Press Clipping
A New Era of Podcast Mergers is Just Beginning

Hello, hello, welcome back to Soundbite. This week is all about consolidation in podcasting. As always, if you have something to share, reach me through email, and if you haven’t yet subscribed to this newsletter, please do so here.

Podcasting’s next wave of mergers
The era of consolidation in podcasting seemed like it might have effectively started and ended when Spotify, Amazon, SiriusXM and others gobbled up major names in the space in an effort to diversify their audio lineups. But now, four years after Spotify got into podcasting by buying Anchor and Gimlet Media, we’re witnessing the dawn of a second wave. This time around, the companies up for sale are smaller production studios and networks.

This week brought news of two such deals. Audily, a relatively new production company that specializes in branded shows, bought Rococo Punch, an independent studio best known for its shows Welcome to Provincetown and Finding Raffi .

A second, all-stock deal involved LiveOne, the owner of PodcastOne, acquiring Kast Media, which makes and monetizes programs like The Sarah Silverman Podcast and Whitney Cummings’ Good For You .

The terms for these deals were not disclosed. But the back-to-back announcements arrived in an increasingly challenging environment for podcasters looking to monetize their work, both through ads and selling programs to production partners. The tech companies that have traditionally spent the most money in the space have slowed down their spending just as advertisers, spooked by a possible recession, have pulled back on marketing.

“It’s a rough, rough world out there,” said Jessica Alpert, co-founder at Rococo Punch. “I wish I could say everyone is going to get through it but I don’t know.”

We’ve seen the fallout already. Smaller networks, such as Starburns Audio, have shut down while almost every audio company has laid off employees. Limited series, which are more difficult to monetize even in a good economy, aren’t being made as frequently and have grown less appealing to possible financers. To stay afloat, independents might have to band together, diversify their offerings and ride out whatever comes next.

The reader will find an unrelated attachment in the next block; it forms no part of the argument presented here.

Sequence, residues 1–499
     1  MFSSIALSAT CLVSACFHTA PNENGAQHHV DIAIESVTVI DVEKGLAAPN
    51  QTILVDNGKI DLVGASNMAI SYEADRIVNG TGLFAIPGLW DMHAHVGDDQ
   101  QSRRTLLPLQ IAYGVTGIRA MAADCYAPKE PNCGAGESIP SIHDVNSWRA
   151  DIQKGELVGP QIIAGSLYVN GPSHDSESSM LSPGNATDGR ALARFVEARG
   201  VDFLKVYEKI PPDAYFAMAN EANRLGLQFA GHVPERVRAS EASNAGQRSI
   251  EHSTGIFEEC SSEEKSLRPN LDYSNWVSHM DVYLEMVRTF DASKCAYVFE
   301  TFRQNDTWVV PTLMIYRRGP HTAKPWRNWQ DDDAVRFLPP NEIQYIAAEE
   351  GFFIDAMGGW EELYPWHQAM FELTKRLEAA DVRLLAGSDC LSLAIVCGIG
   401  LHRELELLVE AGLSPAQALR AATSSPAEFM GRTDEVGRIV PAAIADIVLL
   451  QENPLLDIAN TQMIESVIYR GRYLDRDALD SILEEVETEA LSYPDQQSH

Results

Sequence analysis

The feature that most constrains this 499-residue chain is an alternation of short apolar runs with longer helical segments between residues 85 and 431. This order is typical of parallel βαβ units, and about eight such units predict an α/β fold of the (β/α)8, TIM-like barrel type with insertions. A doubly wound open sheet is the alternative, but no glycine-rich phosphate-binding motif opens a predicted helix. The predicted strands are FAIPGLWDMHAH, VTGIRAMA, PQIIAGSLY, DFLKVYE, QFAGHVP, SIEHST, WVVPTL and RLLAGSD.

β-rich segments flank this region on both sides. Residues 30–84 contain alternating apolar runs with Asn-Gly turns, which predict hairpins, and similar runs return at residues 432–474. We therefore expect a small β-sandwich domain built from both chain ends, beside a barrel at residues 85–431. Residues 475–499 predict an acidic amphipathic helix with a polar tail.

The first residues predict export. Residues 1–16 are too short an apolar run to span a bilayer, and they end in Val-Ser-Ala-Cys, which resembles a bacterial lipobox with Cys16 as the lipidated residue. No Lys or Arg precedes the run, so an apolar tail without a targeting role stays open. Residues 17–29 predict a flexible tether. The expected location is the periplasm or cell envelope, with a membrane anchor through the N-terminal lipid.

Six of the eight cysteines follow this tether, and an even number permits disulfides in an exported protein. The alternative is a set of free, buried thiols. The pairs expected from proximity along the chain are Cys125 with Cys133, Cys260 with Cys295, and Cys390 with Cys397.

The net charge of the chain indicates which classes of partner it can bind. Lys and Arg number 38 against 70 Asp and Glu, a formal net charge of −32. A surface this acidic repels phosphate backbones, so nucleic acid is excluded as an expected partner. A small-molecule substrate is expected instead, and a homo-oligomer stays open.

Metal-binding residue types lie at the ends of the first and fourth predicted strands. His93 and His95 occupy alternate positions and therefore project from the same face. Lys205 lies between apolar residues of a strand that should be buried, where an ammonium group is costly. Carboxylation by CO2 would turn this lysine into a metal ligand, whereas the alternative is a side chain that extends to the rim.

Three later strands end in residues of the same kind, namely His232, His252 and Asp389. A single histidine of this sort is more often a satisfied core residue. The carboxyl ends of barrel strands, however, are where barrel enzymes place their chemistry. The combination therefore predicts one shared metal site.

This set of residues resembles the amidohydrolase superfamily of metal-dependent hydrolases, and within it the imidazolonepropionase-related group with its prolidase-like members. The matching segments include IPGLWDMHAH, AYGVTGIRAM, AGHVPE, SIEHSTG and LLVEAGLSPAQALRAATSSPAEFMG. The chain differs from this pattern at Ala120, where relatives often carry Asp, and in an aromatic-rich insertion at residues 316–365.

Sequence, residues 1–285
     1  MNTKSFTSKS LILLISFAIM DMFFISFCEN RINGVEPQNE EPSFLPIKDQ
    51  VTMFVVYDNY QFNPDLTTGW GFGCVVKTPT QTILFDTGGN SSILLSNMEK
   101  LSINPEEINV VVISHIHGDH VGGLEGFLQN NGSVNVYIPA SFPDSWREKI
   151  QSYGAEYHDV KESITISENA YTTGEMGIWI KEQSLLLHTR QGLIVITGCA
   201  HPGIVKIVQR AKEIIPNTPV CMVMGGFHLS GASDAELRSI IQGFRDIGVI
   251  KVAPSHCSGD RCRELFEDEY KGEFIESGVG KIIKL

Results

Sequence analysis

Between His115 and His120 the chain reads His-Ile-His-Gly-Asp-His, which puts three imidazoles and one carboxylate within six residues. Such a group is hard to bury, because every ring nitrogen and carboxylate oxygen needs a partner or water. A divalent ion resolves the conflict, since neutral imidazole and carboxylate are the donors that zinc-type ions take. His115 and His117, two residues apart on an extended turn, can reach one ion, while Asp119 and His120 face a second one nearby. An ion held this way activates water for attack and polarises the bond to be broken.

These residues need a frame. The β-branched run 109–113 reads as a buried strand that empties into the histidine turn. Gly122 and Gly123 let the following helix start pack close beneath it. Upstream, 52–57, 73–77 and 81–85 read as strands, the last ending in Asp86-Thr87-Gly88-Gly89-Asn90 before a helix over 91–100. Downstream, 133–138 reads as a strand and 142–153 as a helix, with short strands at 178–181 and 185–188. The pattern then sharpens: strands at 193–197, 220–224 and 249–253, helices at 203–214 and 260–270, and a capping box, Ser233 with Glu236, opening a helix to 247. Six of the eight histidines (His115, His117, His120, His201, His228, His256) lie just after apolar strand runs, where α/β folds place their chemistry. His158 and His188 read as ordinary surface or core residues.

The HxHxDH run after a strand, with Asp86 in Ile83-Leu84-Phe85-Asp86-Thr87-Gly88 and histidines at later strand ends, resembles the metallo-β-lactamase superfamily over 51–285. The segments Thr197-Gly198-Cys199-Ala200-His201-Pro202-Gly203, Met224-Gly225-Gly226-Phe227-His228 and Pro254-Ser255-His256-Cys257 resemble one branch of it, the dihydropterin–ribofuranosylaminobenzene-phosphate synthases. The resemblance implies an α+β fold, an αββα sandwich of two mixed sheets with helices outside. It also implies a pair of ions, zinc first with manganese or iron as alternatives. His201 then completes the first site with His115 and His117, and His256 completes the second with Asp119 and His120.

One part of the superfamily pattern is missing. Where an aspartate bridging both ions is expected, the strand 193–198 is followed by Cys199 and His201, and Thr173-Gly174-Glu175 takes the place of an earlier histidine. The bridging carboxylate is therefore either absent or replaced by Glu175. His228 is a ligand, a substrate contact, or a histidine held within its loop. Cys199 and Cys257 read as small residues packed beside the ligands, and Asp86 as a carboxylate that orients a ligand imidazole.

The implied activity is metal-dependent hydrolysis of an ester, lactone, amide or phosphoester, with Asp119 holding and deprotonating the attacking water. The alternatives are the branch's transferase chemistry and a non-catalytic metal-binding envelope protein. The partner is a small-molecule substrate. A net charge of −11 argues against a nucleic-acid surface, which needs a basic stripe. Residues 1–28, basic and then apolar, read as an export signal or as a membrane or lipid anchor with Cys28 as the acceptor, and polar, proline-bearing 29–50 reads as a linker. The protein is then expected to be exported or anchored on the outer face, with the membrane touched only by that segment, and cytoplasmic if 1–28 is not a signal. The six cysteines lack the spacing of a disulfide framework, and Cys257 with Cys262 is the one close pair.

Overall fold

“I fully expect this isn’t our last opportunity to roll up this space,” said Robert Ellin, CEO and chairman at LiveOne.

“The new podcast ecosystem is really, really good, but it requires a bigger and more robust set of operations as a home for creative,” said Colin Thomson, founder and CEO of Kast.

Alpert and Matt Wells, co-founder and president at Audily, tell me the deal made sense for them because the joint corporation will now have various revenue lines. Rococo makes prestige limited series but also spun up a business focusing on continuing education.

Audily maintains its branded podcasts operations, working with marketers to ensure they can publish a regular show without having to worry about staffing up. It also helps them make the most of their work by providing supplementary marketing assets – like content to fill a TikTok page or a YouTube channel.

While these two companies were snapped up, other buyers are circling and looking for possible investments. Chris Peterson, a former iHeartMedia and LionTree executive, just announced the launch of DWNLOAD Media, which intends to take majority stakes in podcast companies. Meanwhile, PodX Group, a private-equity-backed firm, has made multiple acquisitions around the world since setting out to roll up independent production shops.

This week’s deals are likely only the start.

A chat with Crime Junkie’s Ashley Flowers
Last week, I connected with Ashley Flowers, the host of Crime Junkie and founder and chief creative officer at Audiochuck, to get a better sense of how things are going on the independent network front. She told me the company now employs 40 people full time and has reached 2 billion streams. In recent years, she has built a company that’s not just focused on podcast ad revenue, but also involves a subscription fan club, a live events business, film and TV development and even book publishing. Here’s an edited version of our conversation:

Two billion streams is major. How does it feel?

Great. It feels a little surreal, almost like Monopoly money. I know that it’s real, and I know there are people on the other end, but it just seems like such a big number that it’s hard to believe we did that in five years.

How has the true-crime genre, which your company specializes in, evolved in that time?